Symptoms of Stress

The power of positive thinking can have some remarkable benefits. One need only look at the ‘placebo effect’ as an example, whereby patients are unknowingly given completely ineffective medications for a condition, and yet are healed anyway. Researchers attribute this phenomenon to the person’s belief that they will be healed by the placebo, which actually causes the body’s chemistry to change. However, the flip side to this is that stress (or negative thoughts) is quite toxic to the body and especially to our brains. In this article, we’ll take a look at 8 Frightening Effects That Stress Has On Our Brains.

8. Headaches Will Mercilessly Throb


As if the stress itself isn’t bad enough, it can actually compound matters by giving you a splitting headache that will likely only increase your irritability and stress levels. Stress is the leading cause of tension-type headaches (also called stress headaches), which are thought to be the most common form that those head-throbbing annoyances take. Nearly half of all adults suffer from a headache at least once a year and stress headaches can develop into more severe migraine headaches if allowed to fester. Caffeine can be a useful stress (and stress headache ) inhibitor, as can stress management techniques.

7. Stress Allows Toxins Into Your Brain

brain toxin

We have a powerful blood-brain barrier that prevents just about everything but essential nutrients from getting into our brains. In fact, this barrier is so powerful that it even blocks our own helpful treatments from reaching their destination in the brain, though we’re working on ways to overcome that. However, stress can weaken the blood-brain barrier, allowing harmful toxins and chemicals into the brain. A weakened or ‘leaky’ barrier could contribute to the formation of some neurodegenerative diseases and can increase the severity of conditions like multiple sclerosis.

6. You Could Be Killing Your Brain Cells

brain cell

We were often told as kids that watching too much TV would kill our brain cells and scoffed at the notion. Well, the truth is that our brain cells can actually be killed, not by TV-watching, but by stress. That’s because the release of too much Cortisol (the stress hormone) due to periods of stress could lead to a surplus of free radicals in our brains which actually attack and kill our brain cells. Stress could also lead to other activities that promote the formation of free radicals in our bodies, including eating junk food, smoking, and drinking alcohol.

5. The Effect of Stress on the Brain Can Lead to Depression


Stress can directly lead to depression, through lowering the amount of neurotransmitters in our brains. Two of these neurotransmitters, dopamine, and serotonin, are responsible for making us feel happy and rewarded. A drop in serotonin can lead to depression and anxiety, as well as push people to abuse food and alcohol. Dopamine regulates our feeling of pleasure and sense of satisfaction from accomplishing things. When it runs low from stress, we can lose the motivation to get things done and generally feel lethargic and apathetic. This can also lead to people consuming large amounts of sugar and/or caffeine to try and generate energy.

4. Stress Puts You At A Greater Risk of Stroke


Too much stress could lead you to suffer a stroke, based on data from multiple studies. In one study of 6,700 adults, those who reported greater stress wound up being 59% more likely to have had a stroke in the following 11 years. A Spanish study of 450 people showed an even more severe connection, as people with chronic stress were four-times as likely to suffer a stroke. That study also determined that simply being a ‘Type A’ personality (which includes characterizations such as being impatient and aggressive) doubled your odds of suffering a stroke.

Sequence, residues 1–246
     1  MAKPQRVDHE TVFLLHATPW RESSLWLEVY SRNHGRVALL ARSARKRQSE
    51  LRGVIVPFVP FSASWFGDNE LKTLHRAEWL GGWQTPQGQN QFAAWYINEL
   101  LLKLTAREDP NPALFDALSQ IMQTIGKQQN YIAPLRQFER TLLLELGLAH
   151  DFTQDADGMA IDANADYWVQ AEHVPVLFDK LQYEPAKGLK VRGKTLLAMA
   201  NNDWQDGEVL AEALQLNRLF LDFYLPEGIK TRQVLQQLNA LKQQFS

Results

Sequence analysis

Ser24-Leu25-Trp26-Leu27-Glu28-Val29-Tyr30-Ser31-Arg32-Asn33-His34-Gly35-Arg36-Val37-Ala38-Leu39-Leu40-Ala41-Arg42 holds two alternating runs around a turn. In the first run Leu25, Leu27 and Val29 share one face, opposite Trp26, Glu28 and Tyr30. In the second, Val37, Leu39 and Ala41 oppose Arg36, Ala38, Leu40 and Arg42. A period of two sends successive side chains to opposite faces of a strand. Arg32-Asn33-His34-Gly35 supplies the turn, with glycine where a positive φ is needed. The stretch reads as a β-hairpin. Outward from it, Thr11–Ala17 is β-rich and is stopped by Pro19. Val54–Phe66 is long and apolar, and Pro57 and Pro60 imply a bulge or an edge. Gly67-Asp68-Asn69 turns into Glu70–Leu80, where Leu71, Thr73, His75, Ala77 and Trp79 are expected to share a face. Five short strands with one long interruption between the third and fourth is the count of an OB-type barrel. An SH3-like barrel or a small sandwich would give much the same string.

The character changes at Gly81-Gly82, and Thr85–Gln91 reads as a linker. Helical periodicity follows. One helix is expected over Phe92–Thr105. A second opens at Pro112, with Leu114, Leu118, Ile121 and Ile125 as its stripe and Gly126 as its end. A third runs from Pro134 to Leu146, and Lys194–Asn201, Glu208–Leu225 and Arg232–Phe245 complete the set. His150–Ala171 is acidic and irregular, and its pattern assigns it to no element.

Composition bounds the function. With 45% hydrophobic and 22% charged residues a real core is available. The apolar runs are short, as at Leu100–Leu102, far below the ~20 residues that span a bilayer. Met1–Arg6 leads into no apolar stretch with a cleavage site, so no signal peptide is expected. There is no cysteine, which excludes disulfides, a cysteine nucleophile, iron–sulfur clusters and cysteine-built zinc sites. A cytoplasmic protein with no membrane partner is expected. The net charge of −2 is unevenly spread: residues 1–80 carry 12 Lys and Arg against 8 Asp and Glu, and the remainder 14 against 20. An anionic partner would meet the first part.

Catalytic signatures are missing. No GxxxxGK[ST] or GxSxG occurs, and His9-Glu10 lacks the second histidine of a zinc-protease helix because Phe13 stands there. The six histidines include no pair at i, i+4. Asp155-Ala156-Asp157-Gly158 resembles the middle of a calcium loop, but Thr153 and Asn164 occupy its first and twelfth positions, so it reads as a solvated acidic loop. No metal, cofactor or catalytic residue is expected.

3. Your Brain Could Shrink

shrinking brain

Stressful events can actually reduce the amount of gray matter residing in your medial prefrontal cortex, literally shrinking the size of your brain. While the size of your brain might not mean much in and of itself, the loss of that gray matter most certainly does, as it’s used to regulate your emotions and impulse control. As that gray matter disintegrates, it can become more challenging to handle future stressors. It’s been found that a transcription factor called GATA1, which can be triggered by stress, can cause the loss of synaptic connections.

2. Your Memory Could Be Negatively Impacted

memory loss

We mentioned above how too much cortisol can lead to the death of brain cells. Sadly, that’s not the only negative impact that it can have. Cortisol can actually alter the stem cells in our brain, turning them into a cell called oligodendrocyte, which produces myelin to coat other nerve cells. The overabundance of oligodendrocytes means fewer neurons are produced, which means the pathways between your hippocampus and prefrontal cortex erode, making learning and memory less effective. As stress can also destroy newly created neurons in the hippocampus, it’s a potential double whammy to our capability to learn and remember things.

1. Chronic Stress Could Lead to Severe Mental Health Issues


As we mentioned with headaches, stress can have the unfortunate ability to cause other issues which can, in turn, worsen the stress from which they originated from in the first place. This is particularly true of chronic stress, which is stress that is left unmanaged for a lengthy period of time. This stress can lead to a wealth of mental health issues, including dementia, Alzheimer’s, bipolar disorder, PTSD, and schizophrenia. Chronic stress is often the result of sufferers not recognizing its severity and therefore not addressing the issues causing it.